“CBD has grown rapidly in awareness,” Thue said. “I’ve been researching CBD for the past nine years here in Michigan under the medical marijuana law. When I was speaking eight years ago, no one knew what CBD was.”
In an online article, Harvard University School of Medicine struck a middle ground, writing that some providers have come under scrutiny for “wild and indefensible claims that CBD is a cure for cancer, which it is not. We need more research, but CBD may be an option for managing anxiety, insomnia and chronic pain.”
Michigan’s fledgling hemp industry remains a small fraction of the state’s agricultural portfolio. By comparison, Michigan farmers harvested 1.9 million acres of corn in 2018, according to the National Agricultural Statistics Service.
The state began licensing medical marijuana growers in July 2018, but the limits for that crop are based on total plants, not acres. Currently, there are 127 medical marijuana growers licensed to grow up to a total of 175,500 plants, according to state data. Michigan is scheduled to begin licensing recreational marijuana businesses in November.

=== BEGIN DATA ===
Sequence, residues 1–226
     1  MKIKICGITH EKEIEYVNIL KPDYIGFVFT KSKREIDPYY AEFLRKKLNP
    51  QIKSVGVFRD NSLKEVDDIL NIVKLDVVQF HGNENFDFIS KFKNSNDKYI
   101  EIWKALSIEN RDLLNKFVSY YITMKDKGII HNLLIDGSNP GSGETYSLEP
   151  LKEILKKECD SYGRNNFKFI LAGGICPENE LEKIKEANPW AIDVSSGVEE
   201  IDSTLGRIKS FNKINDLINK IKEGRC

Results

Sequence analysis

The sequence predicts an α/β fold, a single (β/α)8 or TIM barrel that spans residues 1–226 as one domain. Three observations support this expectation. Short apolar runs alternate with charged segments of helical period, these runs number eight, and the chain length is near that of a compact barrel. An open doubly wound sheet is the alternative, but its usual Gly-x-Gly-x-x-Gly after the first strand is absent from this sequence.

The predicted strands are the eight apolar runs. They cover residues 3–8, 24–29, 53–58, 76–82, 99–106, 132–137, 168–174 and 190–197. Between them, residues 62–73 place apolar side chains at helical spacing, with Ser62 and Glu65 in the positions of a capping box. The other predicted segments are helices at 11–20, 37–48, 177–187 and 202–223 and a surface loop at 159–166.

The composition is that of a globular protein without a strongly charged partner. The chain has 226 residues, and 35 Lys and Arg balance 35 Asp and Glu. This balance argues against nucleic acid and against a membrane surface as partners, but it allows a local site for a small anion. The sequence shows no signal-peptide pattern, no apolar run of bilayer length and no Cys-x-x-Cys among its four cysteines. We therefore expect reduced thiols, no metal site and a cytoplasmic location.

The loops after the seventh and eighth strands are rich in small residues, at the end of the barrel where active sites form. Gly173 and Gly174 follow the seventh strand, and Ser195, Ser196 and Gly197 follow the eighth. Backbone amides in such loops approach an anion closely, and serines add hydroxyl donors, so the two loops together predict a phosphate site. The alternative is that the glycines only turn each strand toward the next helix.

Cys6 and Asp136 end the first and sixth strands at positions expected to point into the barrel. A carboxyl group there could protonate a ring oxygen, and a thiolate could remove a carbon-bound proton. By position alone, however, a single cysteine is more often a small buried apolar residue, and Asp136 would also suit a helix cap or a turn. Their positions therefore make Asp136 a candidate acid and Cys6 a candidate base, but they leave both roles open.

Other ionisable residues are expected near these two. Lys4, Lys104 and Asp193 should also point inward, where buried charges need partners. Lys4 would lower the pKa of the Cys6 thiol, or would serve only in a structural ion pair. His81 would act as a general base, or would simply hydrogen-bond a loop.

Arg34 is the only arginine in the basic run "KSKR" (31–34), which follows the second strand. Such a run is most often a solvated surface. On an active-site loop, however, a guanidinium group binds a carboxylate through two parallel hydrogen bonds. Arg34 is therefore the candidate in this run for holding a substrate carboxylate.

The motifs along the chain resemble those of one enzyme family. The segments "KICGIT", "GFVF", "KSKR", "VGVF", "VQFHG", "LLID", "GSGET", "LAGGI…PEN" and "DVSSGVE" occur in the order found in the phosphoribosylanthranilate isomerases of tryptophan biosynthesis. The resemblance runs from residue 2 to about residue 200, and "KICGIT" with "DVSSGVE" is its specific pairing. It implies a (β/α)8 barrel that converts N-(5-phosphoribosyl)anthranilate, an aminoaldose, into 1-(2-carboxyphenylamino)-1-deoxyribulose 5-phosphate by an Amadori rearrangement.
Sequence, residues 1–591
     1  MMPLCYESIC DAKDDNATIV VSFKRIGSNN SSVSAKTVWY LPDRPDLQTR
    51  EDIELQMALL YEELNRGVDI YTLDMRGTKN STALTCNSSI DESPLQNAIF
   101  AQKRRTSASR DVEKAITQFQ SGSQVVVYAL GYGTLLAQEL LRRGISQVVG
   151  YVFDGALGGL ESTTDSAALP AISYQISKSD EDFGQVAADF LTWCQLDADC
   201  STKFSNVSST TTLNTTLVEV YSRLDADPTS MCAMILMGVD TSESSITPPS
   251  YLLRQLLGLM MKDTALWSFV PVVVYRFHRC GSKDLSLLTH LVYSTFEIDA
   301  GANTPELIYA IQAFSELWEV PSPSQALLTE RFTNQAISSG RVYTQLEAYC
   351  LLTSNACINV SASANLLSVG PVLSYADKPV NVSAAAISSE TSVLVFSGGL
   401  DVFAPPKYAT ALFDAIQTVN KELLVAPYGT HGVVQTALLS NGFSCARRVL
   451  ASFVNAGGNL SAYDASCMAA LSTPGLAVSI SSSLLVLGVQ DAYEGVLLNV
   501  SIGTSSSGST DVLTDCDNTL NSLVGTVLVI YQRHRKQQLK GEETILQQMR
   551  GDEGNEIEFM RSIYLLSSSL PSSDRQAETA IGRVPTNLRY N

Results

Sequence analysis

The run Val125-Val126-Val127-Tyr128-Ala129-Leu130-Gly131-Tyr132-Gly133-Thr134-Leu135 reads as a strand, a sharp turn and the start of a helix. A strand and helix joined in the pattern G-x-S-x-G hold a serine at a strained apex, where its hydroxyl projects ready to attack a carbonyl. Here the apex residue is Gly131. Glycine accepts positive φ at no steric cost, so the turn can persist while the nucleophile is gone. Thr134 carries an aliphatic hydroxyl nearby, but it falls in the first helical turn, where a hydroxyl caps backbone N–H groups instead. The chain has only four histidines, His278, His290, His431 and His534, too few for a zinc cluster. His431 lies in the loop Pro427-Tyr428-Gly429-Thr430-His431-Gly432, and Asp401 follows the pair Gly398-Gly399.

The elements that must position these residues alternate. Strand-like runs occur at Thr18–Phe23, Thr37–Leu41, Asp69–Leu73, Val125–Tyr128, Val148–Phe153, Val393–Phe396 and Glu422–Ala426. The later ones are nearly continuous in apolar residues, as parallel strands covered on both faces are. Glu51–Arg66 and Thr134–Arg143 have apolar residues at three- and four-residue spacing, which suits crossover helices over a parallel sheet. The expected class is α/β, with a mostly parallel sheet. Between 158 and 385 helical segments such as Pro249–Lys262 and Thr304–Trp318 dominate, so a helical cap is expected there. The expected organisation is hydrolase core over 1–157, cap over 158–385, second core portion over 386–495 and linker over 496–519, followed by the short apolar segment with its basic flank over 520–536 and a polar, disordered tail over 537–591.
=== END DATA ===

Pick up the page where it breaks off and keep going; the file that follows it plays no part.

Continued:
While most early-stage farmers in Michigan are expected to sell flowers for CBD products, advocates say the hemp plant has multiple uses and could provide a secondary source of income in the years to come.
The seeds could be used for food, feed, shampoos or paints. The stalks can be used to make paper materials, clothing and other textiles or building materials.
“The whole plant has a revenue opportunity,” said Gary Schuler, founder and CEO of Grand Rapids-based GTF LLC. “This could change the lives of these farmers. And I’m talking about even the roots. There’s value in that root material.”